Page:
I woke up at 6 am this morning with a really sore throat. Great. I’m getting sick, and I don’t have time for that. It must be all of the patients I’m seeing at the hospital. I cannot afford to get sick. Ugh, I hate hospitals.
I arrived at the hospital for my morning rounds with the doctors, and realized that our attending physician took the week off. The normal nice guy was replaced by a know it all tough guy, who thinks his poop doesn’t stink [you know what I mean]. He is so blunt, so scary, so intimidating. I’d hate to be one of his patients.
So there we are, three physician residents, four medical students, a pharmacy resident, two pharmacy students [that’s me], and the scary attending physician. I stay at the back of the group. Partly because I’m intimidated, but also because I feel like I don’t know everything yet, and I would literally die if this guy asked me a complex pharmacological question in front of the group and I didn’t know the answer. So I just go room to room with the team and listen. I soak up all of the knowledge mixed with arrogance and everything else in between. For the most part, I try to put a face to the medical chart and lab values I have become way to familiar with. Oh, so this is the patient who had a stroke. And this is the patient who keeps hiding her meds in her cheek to keep her blood pressure elevated in order to avoid going back to jail. Ohhh.
But today it was different. This new attending physician doesn’t know Spanish, so I was immediately brought up to the front of the group and used as an interpreter. I was nervous, and scared, but I managed. I’ll admit I don’t know all of the medical terminology in Spanish, but the patients seemed to understand me well. I pretend as if I’m speaking to one of my parents, and my nerves go away.
And then we walked into room 5306.
Another Spanish speaking patient. The frail old lady was laying on the hospital bed, calm as a cucumber. The fact that she was completely bald from chemo, or that she had a drain in her stomach didn’t bother her at all. Her daughter, overcome with concern and love, sat at her bedside. In walked our team. All 11 of us. So many white coats, stethoscopes, ipads, and glaring eyes. Once again, I made my way to the front to translate.
I won’t go into the details of why this patient was admitted to the hospital, all you should know is that she has terminal cancer. And the tests showed it had spread to her lungs.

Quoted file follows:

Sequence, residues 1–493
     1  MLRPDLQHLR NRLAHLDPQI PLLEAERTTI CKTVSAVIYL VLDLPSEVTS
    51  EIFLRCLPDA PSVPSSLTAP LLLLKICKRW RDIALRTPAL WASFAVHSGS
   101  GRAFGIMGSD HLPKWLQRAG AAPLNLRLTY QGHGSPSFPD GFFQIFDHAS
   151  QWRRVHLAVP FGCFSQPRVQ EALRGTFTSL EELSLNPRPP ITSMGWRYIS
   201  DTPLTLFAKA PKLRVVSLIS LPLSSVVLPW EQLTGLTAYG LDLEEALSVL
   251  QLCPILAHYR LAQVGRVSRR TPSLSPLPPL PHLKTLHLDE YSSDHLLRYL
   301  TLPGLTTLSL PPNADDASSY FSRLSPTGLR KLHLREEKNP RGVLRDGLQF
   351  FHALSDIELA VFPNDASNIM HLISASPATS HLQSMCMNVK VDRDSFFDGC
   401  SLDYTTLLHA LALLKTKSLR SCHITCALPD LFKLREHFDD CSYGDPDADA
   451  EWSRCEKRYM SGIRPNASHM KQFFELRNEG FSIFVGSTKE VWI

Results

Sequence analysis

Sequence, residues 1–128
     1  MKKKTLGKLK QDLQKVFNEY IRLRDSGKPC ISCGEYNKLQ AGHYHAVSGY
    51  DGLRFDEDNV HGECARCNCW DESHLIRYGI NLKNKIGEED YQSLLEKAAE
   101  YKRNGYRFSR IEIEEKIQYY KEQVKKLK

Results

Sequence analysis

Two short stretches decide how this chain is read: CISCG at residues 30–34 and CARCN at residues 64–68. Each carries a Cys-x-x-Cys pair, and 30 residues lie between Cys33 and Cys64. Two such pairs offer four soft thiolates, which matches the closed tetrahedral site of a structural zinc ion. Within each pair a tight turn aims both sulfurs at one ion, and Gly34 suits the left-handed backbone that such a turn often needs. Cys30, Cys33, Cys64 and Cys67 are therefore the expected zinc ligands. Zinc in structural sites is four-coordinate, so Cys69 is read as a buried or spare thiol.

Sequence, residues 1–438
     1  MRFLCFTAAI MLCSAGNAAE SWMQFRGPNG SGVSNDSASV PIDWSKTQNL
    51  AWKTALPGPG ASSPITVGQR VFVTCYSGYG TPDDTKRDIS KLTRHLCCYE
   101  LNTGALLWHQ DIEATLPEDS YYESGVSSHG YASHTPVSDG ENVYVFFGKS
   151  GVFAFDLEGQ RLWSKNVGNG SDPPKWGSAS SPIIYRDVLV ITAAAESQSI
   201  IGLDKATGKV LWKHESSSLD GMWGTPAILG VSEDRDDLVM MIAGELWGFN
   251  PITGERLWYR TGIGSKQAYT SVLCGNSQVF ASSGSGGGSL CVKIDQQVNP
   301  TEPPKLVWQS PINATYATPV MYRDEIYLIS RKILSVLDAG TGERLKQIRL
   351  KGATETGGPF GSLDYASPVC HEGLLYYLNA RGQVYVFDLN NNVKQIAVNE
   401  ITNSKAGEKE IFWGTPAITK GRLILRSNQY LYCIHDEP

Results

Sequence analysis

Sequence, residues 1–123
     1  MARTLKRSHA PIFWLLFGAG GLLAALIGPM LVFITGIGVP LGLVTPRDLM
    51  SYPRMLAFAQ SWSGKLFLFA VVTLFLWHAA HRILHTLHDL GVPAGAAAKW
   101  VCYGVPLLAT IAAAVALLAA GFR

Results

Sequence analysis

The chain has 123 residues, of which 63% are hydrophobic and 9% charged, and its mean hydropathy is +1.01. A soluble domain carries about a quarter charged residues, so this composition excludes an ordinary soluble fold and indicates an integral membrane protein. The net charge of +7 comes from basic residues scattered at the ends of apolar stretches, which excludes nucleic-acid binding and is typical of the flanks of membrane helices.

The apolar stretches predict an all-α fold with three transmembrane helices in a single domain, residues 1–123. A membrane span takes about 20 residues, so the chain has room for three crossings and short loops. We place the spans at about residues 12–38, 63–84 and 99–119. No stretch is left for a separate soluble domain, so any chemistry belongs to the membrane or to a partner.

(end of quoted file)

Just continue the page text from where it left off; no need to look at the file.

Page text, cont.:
The doctor nonchalantly told me to tell her that she had less than a year to live, and that the prognosis wasn’t good. I was completely taken aback. What? You’re not an oncologist! You’re just filling in for the nice attending physician. You’re not her primary care doctor, nor are you specialized in cancer, why are you telling her this? Why am I the one who has to say it?
So I phrased it the best way that I could. I will admit I omitted the part of living less than a year, but I made sure they understood that the cancer had spread, and that we were only trying to make her stable and comfortable. And just like that, 10 people in white coats turned around and left the room. On to a different patient. A new case. A new face.
I couldn’t move. I was literally shaking. The daughter’s face was overcome with emotion, and I wasn’t going to leave her like that. So I stayed behind. I told her that everything was going to work out for the best. And then I asked her for a hug. She nodded and ran over to hug me. And then she lost it. We both lost it, but I couldn’t let my tears flow. I told her God loves her and her beautiful mother, and that the best thing to do was to trust in Him. After all, He is the Great Physician.
I entered room 5306 with a sore throat and bad attitude, and left with a true sense of empathy, an overwhelming heart, and a new perspective on life.
32 Notes/ Hide
- wanderlust-jraiz likes this
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- ignitestrengths said: You are so wonderful. I wish we lived closer so we could convene after days like this. You’re wonderful, and I agree with makeupadventures that your love and compassion sets you apart. Love to you, lady! Hope your throat is feeling better. xoxo
- augustandafter likes this
- accordingtoandrea said: You go girl! I’m chocking back tears because of your post. You are so lovely! Spreading the gospel one patient at a time! :)
- jazblogsbeauty likes this
- sweetwatersbaby said: Hugs and tear….This literally made my day.
- mystree likes this
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- aprilbelles said: You are such an amazing and strong woman Flor!
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- kyerabianca said: You have an admirable strength and huge heart, Flor.
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- makeupadventures said: Flor, you’re amazing. Your compassion and love definitely sets you apart from the others. This was a lovely post, thank you for sharing. Hope you’re feeling better as well.
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- erthy-e said: aw honey, bless you! that made me seriously tear up. i remember being that womans daughter getting that news from a bunch of lab coats. we received that news over and over again. i always remembered the ones that hugged us and prayed with us
- srirachamonster said: You are an amazing person. Really. I feel for you so much.
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